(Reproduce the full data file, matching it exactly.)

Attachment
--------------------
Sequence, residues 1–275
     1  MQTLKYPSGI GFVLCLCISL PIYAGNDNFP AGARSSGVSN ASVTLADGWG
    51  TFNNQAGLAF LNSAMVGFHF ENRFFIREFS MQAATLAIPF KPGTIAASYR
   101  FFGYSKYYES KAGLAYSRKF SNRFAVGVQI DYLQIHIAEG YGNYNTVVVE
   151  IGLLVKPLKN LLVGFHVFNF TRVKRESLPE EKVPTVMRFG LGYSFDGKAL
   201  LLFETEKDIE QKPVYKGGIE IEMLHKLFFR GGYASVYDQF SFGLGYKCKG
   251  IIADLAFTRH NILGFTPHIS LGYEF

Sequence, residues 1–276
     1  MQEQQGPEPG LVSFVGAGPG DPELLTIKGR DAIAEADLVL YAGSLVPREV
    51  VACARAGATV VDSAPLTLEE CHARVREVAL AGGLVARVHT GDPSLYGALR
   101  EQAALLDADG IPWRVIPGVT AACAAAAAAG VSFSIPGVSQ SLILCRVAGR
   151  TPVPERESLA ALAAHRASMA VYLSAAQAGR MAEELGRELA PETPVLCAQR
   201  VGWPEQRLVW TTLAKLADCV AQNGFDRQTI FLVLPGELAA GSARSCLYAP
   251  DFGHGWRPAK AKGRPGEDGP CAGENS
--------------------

Sequence, residues 1–275
     1  MQTLKYPSGI GFVLCLCISL PIYAGNDNFP AGARSSGVSN ASVTLADGWG
    51  TFNNQAGLAF LNSAMVGFHF ENRFFIREFS MQAATLAIPF KPGTIAASYR
   101  FFGYSKYYES KAGLAYSRKF SNRFAVGVQI DYLQIHIAEG YGNYNTVVVE
   151  IGLLVKPLKN LLVGFHVFNF TRVKRESLPE EKVPTVMRFG LGYSFDGKAL
   201  LLFETEKDIE QKPVYKGGIE IEMLHKLFFR GGYASVYDQF SFGLGYKCKG
   251  IIADLAFTRH NILGFTPHIS LGYEF

Sequence, residues 1–276
     1  MQEQQGPEPG LVSFVGAGPG DPELLTIKGR DAIAEADLVL YAGSLVPREV
    51  VACARAGATV VDSAPLTLEE CHARVREVAL AGGLVARVHT GDPSLYGALR
   101  EQAALLDADG IPWRVIPGVT AACAAAAAAG VSFSIPGVSQ SLILCRVAGR
   151  TPVPERESLA ALAAHRASMA VYLSAAQAGR MAEELGRELA PETPVLCAQR
   201  VGWPEQRLVW TTLAKLADCV AQNGFDRQTI FLVLPGELAA GSARSCLYAP
   251  DFGHGWRPAK AKGRPGEDGP CAGENS